Rangers appear to be fiddling while hot stove burns

In one way it's been a great week for Rangers general manager Jon Daniels. Going way back, ever since sitting at the knee of his GM mentor, John Hart, the dumping of Michael Young has long been a Daniels objective.

Some of that Young dislike was baseball opinion, some of it was personal, but really, does it matter?

Daniels got the dumping done, got high fives all around from his inner circle, and now... and now...

Now what?

What exactly is the next wintertime objective for the local baseball brain trust?

Which brings us to the flip side of how this week is going in Arlington.

The Rangers look like fools.

They are sitting there with their thumb up a nostril, doing nothing, while the national marketplace hums along with deals coming faster and faster.

Yes, the Rangers look like fools.

And it's a look that is not their fault. Not at all. But it's just their current squeeze-play fate.

Blame it on, yes, the bleepity-bleep media.

Go back to last week in Nashville, site of the annual baseball winter meetings. Daniels and his troops were obviously very busy in Nashville, which they should have been because, admittedly, this is a super critical off-season for the Rangers.

Except nothing happened. No trades, no worthy free-agent signings. Nothing.

But somehow, out of nothing happening in Nashville, a national and local media picture was painted last week that the Rangers (pick one, or more) "dominated," "headlocked," "held hostage," "outsmarted" all of baseball by their shrewd negotiating tactics.

Again, this wasn't just about local butt-kissers puckering up; this was also a national media Rangers love fest.

I'm reading all this last week, and could imagine Daniels cringing like crazy. No, he doesn't mind the praise, but at the same time, Daniels is never one to play the media game when it comes to game-planning on decision-making.

Going into the winter meeting, there were no leaks, or at least none I heard, coming out of Arlington about that Rangers game plan. Plenty of speculation, but no leaks. Daniels is almost paranoid about that kind of stuff, and it's a good kind of paranoid.

But for whatever reason, Daniels also was declared, by the media, king of the winter meetings, and was said to have been tying up other clubs on all major transactions involving high-end pitchers, Josh Hamilton and so on.

Then everybody in baseball went back home.

Almost immediately the deals started to fall. Pitcher Zack Greinke, who reportedly was headed to the Rangers, got money-whipped by the Dodgers, and signed with LA. Was it crazy money? Doesn't matter. It appears Greinke's agent "used" the Rangers to drive up the Dodgers' dollars.

That's fair. That's what agents do. Bottom line: Greinke is not here. At $145 million, you can't call the Rangers cheap for not diving in, but regardless, they didn't "dominate" or "hold hostage" the Dodgers. And they didn't get the pitcher.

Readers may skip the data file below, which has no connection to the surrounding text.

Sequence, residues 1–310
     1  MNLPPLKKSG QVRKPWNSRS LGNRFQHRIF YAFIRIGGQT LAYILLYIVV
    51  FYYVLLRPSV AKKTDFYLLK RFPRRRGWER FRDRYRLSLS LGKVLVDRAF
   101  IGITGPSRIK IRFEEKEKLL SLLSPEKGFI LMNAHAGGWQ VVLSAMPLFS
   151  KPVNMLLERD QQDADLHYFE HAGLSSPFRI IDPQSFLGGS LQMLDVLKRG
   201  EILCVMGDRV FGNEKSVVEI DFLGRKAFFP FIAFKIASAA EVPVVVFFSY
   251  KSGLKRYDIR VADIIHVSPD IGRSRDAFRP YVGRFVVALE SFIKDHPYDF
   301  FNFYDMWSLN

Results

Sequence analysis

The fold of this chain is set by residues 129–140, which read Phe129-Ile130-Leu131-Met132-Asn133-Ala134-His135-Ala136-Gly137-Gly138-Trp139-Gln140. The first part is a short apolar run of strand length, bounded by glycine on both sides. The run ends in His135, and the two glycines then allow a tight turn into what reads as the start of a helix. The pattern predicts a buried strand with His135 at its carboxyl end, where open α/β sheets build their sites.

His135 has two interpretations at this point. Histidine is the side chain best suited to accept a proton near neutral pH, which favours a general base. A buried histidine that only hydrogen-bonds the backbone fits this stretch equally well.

A Rangers fallback rotation pitcher was James Shields, a solid front-liner whom the Rays wanted to move via trade. But suddenly Shields was also gone, with Kansas City making a bold, I guess, deal with Tampa.

In the package, the Royals got Shields and another interesting pitcher, Wade Davis. But KC gave up the No. 1 prospect in baseball, an outfielder named Wil Myers.

Would a prospect such as Mike Olt have gotten the deal done for the Rangers? No.

But Jurickson Profar? Yes.

The Rangers, however, can't trade Profar, even if they wanted to trade Profar, which Daniels doesn't want to do.

The Elvis Andrus pending contractual situation -- free agency in two years -- means they have to keep the youngster as Elvis' possible replacement.

But no, Kansas City, or the Rays, was "dominated" or "held hostage" by the Rangers.

So it's mid-December, and with so much to do, the Rangers have done nothing.

Josh Hamilton? Who knows? But are the Rangers now desperate to re-sign Josh, and was Josh's price driven higher by Greinke and Shields going elsewhere?

Going into the off-season, the very last place the Rangers wanted to be was in a position where Hamilton became a "must" sign. But with no upgrade to the pitching staff, also look at this batting order as it currently stands. Josh, demons and all, might actually be a must sign.

Daniels and his gang, I assume, have another hot stove fastball they are working on. But here in mid-December, there's still nothing, and the media made the Rangers look foolish with all that Nashville gushing last week.

Daniels can't control how all that went down, but he's a general manager sitting on 2012's blow-away record attendance at the ballpark, and a GM sitting on his team's historic collapse at the end of 2012.

This was/is a critical off-season for the club. And it's also a short-term memory kind of business.

As Michael Young faced the what-have-you-done-for-us-lately jury this week, let it be noted spring training opens in exactly two months.

Get busy, real busy, Jon, or that same jury will certainly reconvene.

Randy Galloway can be heard 3-6 p.m. weekdays on Galloway & Co. on ESPN/103.3 FM.

Randy Galloway, 817-390-7697

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